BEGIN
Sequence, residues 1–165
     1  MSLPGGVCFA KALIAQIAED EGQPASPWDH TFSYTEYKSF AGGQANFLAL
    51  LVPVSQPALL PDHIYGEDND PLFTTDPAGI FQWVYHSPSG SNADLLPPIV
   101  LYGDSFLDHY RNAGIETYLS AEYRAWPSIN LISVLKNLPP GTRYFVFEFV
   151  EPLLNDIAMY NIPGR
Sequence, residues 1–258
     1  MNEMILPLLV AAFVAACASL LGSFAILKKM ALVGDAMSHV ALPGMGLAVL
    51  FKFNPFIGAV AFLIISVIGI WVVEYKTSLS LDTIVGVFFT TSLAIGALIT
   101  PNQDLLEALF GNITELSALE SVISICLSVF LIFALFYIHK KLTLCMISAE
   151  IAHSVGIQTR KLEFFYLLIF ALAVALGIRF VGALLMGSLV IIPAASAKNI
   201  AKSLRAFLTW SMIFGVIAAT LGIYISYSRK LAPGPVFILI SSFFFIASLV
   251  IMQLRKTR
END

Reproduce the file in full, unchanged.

Sequence, residues 1–165
     1  MSLPGGVCFA KALIAQIAED EGQPASPWDH TFSYTEYKSF AGGQANFLAL
    51  LVPVSQPALL PDHIYGEDND PLFTTDPAGI FQWVYHSPSG SNADLLPPIV
   101  LYGDSFLDHY RNAGIETYLS AEYRAWPSIN LISVLKNLPP GTRYFVFEFV
   151  EPLLNDIAMY NIPGR
Sequence, residues 1–258
     1  MNEMILPLLV AAFVAACASL LGSFAILKKM ALVGDAMSHV ALPGMGLAVL
    51  FKFNPFIGAV AFLIISVIGI WVVEYKTSLS LDTIVGVFFT TSLAIGALIT
   101  PNQDLLEALF GNITELSALE SVISICLSVF LIFALFYIHK KLTLCMISAE
   151  IAHSVGIQTR KLEFFYLLIF ALAVALGIRF VGALLMGSLV IIPAASAKNI
   201  AKSLRAFLTW SMIFGVIAAT LGIYISYSRK LAPGPVFILI SSFFFIASLV
   251  IMQLRKTR